As a matter of fact the reverse is true, and the holding of the Supreme Court of Iowa as to the constitution of the State of Iowa and the constitutionality of statutes is binding upon the federal courts. Fischer v. Excess Ins. Co. of America, 8 Cir., 115 F.2d 755; C. B. Nash Co. v. City of Council Bluffs, C.C., 174 F. 182; Hagerla v. Mississippi River Power Co., D.C., 202 F. 776; McCain v. City of Des Moines, C.C., 84 F. 726; Iowa Telephone Co. v. City of Keokuk, D.C., 226 F. 82.

The decision in the Hope case then clearly does not go to the extent appellees claim. In fact, the opinion itself stated:

"This order is under judicial review not because we interpose constitutional theories between a State and the business it seeks to regulate, but because Congress put upon the federal courts a duty toward administration of a new federal regulatory Act." 320 U.S. 591, 645, 64 S. Ct. 281, 308.

We conclude the most that can be attributed to the Hope case is that the United States Constitution does not require any specific method of determining a fair rate base and that any reasonable method may be used, including original cost and reconstruction costs, if the end result does not disclose an unfair or confiscatory rate.

Precedent for a fair value rate base in Iowa is found clearly and specifically in Cedar Rapids Gas Light Co. v. City of Cedar Rapids, 144 Iowa 426, 120 N.W. 966, 48 L.R.A.,N.S., 1025; Id., 223 U.S. 655, 32 S. Ct. 389, 56 L. Ed. 594. The city urges upon the court authorities from other jurisdictions and particularly from the decisions of federal commissions, stating them to be "modern judicial pronouncements". It is a question of whether they are more "modern" than other recent cases which hold exactly the opposite. Without doubt the law cannot be said to be static. It grows and changes, but always under the impetus of reason. No court should be concerned with whether it is "modern" but with whether it is right. There are such things as eternal virtues and ultimate truths, particularly in the field of constitutional law. The constitutional guarantees against legislative confiscation and against *42 the taking of private property without due process should and do mean the same in the year 1957 as they meant in the year 1909:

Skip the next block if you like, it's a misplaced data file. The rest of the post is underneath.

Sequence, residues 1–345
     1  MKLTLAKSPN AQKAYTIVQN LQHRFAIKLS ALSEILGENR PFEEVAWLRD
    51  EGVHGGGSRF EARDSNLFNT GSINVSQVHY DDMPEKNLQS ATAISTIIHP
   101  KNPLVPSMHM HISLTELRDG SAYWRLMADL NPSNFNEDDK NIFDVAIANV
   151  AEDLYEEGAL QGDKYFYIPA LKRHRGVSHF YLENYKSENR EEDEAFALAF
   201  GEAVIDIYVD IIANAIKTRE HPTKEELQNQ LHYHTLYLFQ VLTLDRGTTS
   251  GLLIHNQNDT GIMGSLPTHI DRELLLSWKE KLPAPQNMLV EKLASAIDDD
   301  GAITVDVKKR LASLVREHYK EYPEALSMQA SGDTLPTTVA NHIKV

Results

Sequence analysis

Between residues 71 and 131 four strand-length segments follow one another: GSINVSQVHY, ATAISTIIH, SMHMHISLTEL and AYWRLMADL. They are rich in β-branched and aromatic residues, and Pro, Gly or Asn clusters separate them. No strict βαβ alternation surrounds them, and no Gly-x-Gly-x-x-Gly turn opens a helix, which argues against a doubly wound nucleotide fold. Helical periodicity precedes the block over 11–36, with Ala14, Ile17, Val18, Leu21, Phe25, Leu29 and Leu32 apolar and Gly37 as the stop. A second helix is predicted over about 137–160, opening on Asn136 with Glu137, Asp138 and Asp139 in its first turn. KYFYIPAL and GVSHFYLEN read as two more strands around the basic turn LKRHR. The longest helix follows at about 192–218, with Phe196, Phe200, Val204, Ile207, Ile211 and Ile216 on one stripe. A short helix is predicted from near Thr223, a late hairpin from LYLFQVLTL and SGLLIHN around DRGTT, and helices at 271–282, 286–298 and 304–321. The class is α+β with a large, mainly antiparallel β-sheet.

"The right of property rests, not upon philosophical or scientific speculations, nor upon the commendable impulses of benevolence or charity, nor yet upon the dictates of natural justice. The right has its foundation in the law. * * *

"In a government like ours theories of public good or necessity are often so plausible or sound as to command popular approval, but courts are not permitted to forget that the law is the only chart by which the ship of state is to be guided." Hunter v. Colfax Consolidated Coal Company, 175 Iowa 245, 271, 154 N.W. 1037, 1047, 157 N.W. 145, L.R.A.1917D, 15.